Intense plankton bloom threatens Chon Buri’s marine life and mussel farms

Photo by Gil Ndjouwou on Unsplash

A severe plankton bloom, unusually dense in nature, has emerged off the eastern coast of Chon Buri province, leading to the formation of what marine scientists are referring to as an aquatic “dead zone.” This situation poses a significant threat to the livelihoods of local fishermen and the operations of mussel farms in the region.

In specific areas of the Gulf of Thailand, marine scientists have recorded plankton levels that are over ten times the normal amount.

This surge in plankton population has turned the water into a vibrant shade of green and has resulted in the death of a significant amount of marine life.

Plankton blooms, which usually occur one to two times a year and last between two and three days, can produce toxins detrimental to the environment. They also deplete oxygen levels and block sunlight, creating so-called dead zones.

The Chon Buri coast, a region famous for its mussel farms, has suffered significantly from this recent bloom. Over 80% of the nearly 300 plots in the area have been impacted.

Local officials have reported finding large quantities of dead fish along a 1,500-metre stretch of shoreline on the popular beaches in Chon Buri as a direct result of the bloom. Despite the decrease in oxygen levels due to the bloom, officials have reassured the public that the seawater in the area remains safe for recreational activities and for the surrounding communities, reported The Pattaya News.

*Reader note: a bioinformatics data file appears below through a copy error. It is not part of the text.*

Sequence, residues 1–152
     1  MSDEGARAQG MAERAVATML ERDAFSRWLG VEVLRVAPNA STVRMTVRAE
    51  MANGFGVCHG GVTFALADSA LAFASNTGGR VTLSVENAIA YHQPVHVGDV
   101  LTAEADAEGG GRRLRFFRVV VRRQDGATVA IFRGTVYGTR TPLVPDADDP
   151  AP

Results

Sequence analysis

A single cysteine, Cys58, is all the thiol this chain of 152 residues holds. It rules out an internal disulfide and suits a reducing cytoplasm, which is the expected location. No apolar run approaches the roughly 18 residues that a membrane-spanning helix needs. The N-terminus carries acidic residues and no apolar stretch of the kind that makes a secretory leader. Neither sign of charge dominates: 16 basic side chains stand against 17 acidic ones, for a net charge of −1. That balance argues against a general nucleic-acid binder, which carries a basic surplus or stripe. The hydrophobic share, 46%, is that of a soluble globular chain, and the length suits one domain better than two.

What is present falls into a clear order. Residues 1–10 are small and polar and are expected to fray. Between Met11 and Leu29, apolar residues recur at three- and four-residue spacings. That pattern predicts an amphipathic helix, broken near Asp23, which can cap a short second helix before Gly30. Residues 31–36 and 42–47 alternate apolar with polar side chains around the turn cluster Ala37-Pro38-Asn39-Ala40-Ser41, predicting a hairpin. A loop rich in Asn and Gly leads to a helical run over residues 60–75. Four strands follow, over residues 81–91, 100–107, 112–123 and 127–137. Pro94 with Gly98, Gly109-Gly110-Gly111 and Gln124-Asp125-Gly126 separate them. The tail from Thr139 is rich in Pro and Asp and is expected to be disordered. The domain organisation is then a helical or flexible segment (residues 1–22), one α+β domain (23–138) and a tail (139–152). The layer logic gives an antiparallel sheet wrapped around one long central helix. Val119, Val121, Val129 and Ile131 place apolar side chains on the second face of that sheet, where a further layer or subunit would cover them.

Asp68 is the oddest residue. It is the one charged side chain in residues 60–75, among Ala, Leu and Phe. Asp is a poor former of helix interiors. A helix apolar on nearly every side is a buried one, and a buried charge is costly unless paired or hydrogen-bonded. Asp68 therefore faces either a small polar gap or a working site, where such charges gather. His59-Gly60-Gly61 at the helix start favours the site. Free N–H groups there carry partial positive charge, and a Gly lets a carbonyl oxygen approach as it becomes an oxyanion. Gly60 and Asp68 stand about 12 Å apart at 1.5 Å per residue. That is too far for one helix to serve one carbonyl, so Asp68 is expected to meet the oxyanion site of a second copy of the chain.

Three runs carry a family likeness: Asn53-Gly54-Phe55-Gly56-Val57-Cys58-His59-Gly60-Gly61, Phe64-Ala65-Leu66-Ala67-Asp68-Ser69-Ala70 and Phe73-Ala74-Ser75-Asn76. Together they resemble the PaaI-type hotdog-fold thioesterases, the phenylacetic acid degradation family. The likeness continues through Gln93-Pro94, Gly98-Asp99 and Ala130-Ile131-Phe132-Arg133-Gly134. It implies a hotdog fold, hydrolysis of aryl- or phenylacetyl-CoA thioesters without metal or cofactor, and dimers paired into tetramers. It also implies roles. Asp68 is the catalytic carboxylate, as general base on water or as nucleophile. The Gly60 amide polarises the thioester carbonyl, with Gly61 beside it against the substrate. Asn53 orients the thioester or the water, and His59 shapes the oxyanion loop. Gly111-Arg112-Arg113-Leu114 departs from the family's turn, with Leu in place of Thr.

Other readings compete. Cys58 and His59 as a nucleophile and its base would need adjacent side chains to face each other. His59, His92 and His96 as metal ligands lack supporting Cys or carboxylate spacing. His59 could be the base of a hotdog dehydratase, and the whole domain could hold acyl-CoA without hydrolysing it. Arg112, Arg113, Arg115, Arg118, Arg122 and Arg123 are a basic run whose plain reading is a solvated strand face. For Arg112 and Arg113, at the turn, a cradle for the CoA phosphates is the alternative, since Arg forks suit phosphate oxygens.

Climate change

While the exact cause of this intense plankton bloom is currently unknown, experts believe that pollution and the intense heat associated with climate change are likely contributing factors.

The situation is further exacerbated by the El Niño weather phenomenon, which causes drought and higher sea temperatures.

Scientists stress the importance of effective resource management, water conservation, and sustainable living practices in an effort to mitigate such environmental challenges.

This isn’t the first instance of a plankton bloom causing significant disruption. Earlier this year, a similar phenomenon led to thousands of dead fish washing up along a beach in Chumphon province.

These occurrences have been attributed to the ongoing impact of climate change. Globally, marine heatwaves are becoming an increasingly concerning issue, leading to thousands of dead fish appearing on Texas beaches and the emergence of algal blooms along the British coast due to the rise in sea temperatures.

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Top is a multifaceted news writer with a keen interest in real estate and travel. Top currently covers local Thai news at Thaiger. As a travel buff, Top blogs about his travels- around the world and Thailand- during his free time.

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